You run to your gate in uncomfortable shoes and a heavy coat with your bags and are the last person to board. You are seated in a middle seat, and there is no room for your bag, so you stuff it under the seat in front of you, meaning you have no place to put your feet except on top of your bag. You are hot from running. (By the way, anyone who has seated themselves in business class, get up and move to the back of the plane for this flight.)
The captain comes on and welcomes the passengers aboard, informing them that flying time is 14 hours.
Fast forward ahead to the end of the flight. Your neighbor kept poking you with his elbow, then fell asleep leaning on you, so you couldn’t sleep. You couldn’t really eat, as your knees prevented your tray table from being level. The person in front of you had their seat reclined anyway, so it was pressing on your knees the whole time.
There is a little turbulence, but the plane finally lands. The person next to you drops their bags on your head trying to get them out of the overhead bin. People are taking their time getting in to the aisle, leaving you in an awkward position while you wait. You stuff your swollen feet in to your shoes and grab your bag, which seems to have gotten heavier.
You finally get off the plane. Nothing is in English (or any other language you may understand). It is 2:00 in the afternoon and everyone seems to know where they are going except you. You have not slept for 36 hours. The sun is streaming in, and everything is very bright and very loud.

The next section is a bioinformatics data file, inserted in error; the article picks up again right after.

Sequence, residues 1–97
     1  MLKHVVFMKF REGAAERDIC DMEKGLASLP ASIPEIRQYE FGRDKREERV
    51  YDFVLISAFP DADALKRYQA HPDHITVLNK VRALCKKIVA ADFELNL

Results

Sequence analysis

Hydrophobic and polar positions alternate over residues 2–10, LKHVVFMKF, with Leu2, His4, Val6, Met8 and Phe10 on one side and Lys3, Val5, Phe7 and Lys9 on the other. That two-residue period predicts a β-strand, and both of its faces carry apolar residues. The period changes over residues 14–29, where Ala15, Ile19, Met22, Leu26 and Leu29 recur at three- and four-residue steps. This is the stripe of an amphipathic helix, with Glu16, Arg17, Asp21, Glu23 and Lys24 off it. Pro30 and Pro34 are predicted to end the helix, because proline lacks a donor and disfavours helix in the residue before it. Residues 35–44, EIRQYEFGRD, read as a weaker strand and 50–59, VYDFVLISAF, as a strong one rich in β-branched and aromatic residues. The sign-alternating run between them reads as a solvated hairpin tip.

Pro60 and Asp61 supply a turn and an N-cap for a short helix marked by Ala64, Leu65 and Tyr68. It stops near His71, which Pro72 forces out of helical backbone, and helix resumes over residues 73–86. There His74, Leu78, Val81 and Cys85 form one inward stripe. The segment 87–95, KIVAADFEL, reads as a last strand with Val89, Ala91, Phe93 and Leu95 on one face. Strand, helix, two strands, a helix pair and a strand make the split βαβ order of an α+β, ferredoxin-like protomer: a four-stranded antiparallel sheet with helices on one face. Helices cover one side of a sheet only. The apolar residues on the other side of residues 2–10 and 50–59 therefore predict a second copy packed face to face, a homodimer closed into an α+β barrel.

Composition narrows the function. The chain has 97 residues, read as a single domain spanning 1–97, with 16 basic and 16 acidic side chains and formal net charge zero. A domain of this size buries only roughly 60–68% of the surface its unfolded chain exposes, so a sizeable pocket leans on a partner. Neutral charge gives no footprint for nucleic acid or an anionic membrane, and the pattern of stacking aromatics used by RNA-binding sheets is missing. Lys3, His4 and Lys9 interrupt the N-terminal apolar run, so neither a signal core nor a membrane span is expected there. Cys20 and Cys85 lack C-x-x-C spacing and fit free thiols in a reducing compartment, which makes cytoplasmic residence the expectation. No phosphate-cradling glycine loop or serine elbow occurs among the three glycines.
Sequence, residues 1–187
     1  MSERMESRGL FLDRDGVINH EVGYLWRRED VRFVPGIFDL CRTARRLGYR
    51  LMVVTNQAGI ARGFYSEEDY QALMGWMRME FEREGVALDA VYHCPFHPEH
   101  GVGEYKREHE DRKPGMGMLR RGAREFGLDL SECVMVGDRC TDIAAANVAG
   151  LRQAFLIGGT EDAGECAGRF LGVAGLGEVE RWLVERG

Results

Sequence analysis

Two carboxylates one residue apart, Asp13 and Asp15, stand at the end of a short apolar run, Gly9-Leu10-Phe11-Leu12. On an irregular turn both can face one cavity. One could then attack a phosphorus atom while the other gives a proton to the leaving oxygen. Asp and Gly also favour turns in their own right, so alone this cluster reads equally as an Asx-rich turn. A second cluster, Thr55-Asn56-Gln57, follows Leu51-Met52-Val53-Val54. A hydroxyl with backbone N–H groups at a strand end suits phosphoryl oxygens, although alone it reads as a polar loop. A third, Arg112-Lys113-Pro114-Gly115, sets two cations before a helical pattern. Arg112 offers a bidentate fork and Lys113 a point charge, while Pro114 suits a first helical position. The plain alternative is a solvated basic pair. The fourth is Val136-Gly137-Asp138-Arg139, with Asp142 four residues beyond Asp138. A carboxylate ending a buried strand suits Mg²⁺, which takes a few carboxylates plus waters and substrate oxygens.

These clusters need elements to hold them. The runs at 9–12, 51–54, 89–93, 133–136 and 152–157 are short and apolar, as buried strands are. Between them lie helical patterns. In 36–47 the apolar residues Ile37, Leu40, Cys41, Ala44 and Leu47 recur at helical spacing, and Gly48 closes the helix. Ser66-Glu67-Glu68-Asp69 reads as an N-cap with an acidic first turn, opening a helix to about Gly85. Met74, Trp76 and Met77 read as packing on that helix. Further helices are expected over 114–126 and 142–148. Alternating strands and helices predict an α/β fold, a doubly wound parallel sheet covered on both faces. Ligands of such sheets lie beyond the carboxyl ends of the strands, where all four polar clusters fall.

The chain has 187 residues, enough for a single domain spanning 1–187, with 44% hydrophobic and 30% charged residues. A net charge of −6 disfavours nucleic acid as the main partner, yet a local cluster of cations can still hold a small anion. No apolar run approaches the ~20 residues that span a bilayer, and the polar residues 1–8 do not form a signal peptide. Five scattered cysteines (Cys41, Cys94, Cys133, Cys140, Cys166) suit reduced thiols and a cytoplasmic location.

So let’s have a look at how you feel at this moment:
You are so exhausted that you feel slightly nauseous and dizzy.
You’re confused: you don’t know exactly where you are or where you need to go. You know you will figure it out eventually, but right now, the lights are too bright and the sounds are too loud.
Your legs are stiff, and your feet are both tingly from falling asleep and painful from your shoes being too tight.
You need to urinate badly but don’t know where the bathrooms are.
You are too hot from the coat that you are wearing, because you don’t want to carry it too.
Your bag is heavy and awkward and you feel too weak to carry it. Then the strap breaks and you want to cry.
Okay, open your eyes. That moment is it. That is MS.


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    May 20, 2012 at 2:16 am

    It’s helpful that you shared this. People don’t understand and sometimes are afraid to ask questions in fear of sounding silly or inconsiderate. I had a close family member who had an autoimmune disease and she used to tell me that she couldn’t remember what it felt like to not be sick. 🙁 I don’t know anyone who has MS so thank you for the very useful info. Hugs!

  • Reply
    February 12, 2012 at 2:00 pm

    So sorry that you have to go through this every day. My former neighbor had MS and it was awful to see her go from perfectly healthy one day to completely miserable the next, just depending on what symptoms she had.

    • Reply
      February 13, 2012 at 7:24 am

      It is definitely a nasty and unpredictable disease Dede. I just roll with the punches the best I can!

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    February 10, 2012 at 11:19 pm

    thank you for sharing this..i have tried to explain what i am feeling at times and i think this pretty much sums it up! had to share on FB as well..take care!